He made his first etching at Leeds College of Art 60 years ago.

“It had a wonderful etching workshop and was a very forward thinking art school. One of the tutors, Harry Thubron, knew all the contemporary artists and got them to visit, so we had talks from Victor Pasmore, Trevor Bell and Terry Frost. It was an exciting time.”

Storm Over Gildersome, completed in 1959, was made just before he moved to the RCA in London. The etching on steel depicts the skyline of the Leeds suburb. Never shown before, it will make its public debut in the YSP exhibition, along with a new limited-edition etching of the sculpture park’s landscape.

He visits the area often, coming up to visiting his sister in Leeds and his close friend John Bell of Thirsk-based gallery Zillah Bell.

He attributes his love of the region’s rural landscape to his brother, who was 12 years older than him and a keen fisherman. They used to catch the 4am milk train from Leeds up to Settle and while his brother cast his line onto the River Ribble, Ackroyd opened his sketchbook.

“I’d draw the surface of the water and a misty Ingleborough with no distractions. There were no iPhones and no radios back then. It was incredibly contemplative. I’d also pick mushrooms to make the best bacon and mushroom sandwiches I have ever tasted,” he says, adding that later, as a teenager, he often cycled into the Dales with his school pals. “I once got as far as Malham, which was a heck of a way from Hunslet.”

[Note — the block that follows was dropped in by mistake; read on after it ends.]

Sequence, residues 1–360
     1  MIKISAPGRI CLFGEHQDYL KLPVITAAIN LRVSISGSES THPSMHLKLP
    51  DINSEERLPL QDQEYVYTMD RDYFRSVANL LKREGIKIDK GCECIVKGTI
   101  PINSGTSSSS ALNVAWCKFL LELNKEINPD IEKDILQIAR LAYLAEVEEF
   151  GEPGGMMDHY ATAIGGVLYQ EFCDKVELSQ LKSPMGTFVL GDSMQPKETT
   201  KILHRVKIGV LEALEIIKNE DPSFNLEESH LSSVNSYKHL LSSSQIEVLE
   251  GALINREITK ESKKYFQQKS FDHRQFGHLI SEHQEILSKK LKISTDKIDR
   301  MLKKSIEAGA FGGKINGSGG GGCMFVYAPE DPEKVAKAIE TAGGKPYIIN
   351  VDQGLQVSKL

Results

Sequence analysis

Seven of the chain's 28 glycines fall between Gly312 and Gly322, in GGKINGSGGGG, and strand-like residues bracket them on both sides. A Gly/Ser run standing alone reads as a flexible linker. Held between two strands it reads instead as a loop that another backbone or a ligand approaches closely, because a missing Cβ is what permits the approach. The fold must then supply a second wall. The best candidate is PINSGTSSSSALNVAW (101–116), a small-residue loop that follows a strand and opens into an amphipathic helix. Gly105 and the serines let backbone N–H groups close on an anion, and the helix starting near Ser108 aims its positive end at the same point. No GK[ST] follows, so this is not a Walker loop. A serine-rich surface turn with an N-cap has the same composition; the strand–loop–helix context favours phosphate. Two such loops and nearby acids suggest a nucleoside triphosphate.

His emotional response to the landscape is there in his prints, which have been described as “brimming with atmosphere and a sense of place”.

Drawing, he says, underpins everything. “I see watercolour as a drawing medium and, of course, etching is all about drawing.”

He paints what is in front of him and he does it fast, often seated on a rocking boat looking towards the land.

The watercolour is then turned into an etching on copper plate. He also uses an aquatint box to creating tonal shading.

The etching and printing process is beautifully explained by Ackroyd in an interview by his friend and fellow explorer Robert McFarlane in a recent edition of Only Artists on Radio 4, which is available on catch-up.

In it, he also reveals a creative process many artists will find familiar: “Sometimes I can’t remember how I did it. I’m working in a trance. Some things don’t need an explanation,” he says.

The programme is recorded in his studio, which is attached to his home in Bermondsey. He has lived in London for most of his adult life.

“I have lived all over London but I really like this part. It reminds me of Hunslet as it was the industrial area where the dirty jobs got done,” he says.

He loves his live-work lifestyle and has no intention of retiring thanks to a compulsion to create and a workaholism instilled by his father and, he believes, by his working-class Yorkshire roots.

“There were 15 of us from Yorkshire at the Royal College of Art in the early Sixties, including David Hockney and Norman Stevens.

“We brought our Yorkshire accents and our work ethic with us.

“We were always first in at 8am. That was largely unheard of before we arrived but we all had that same commitment to hard work and that can’t be a coincidence can it?”

The Furthest Lands, an exhibition of work by Norman Ackroyd CBE, RA, starts today and ends on February 24, 2019, at Yorkshire Sculpture Park.

The artist will host a series of events at YSP, including an etching demonstration on February 16. The following day, Ackroyd will be in conversation with long-term friend John Bell from Zillah Bell Gallery, Thirsk.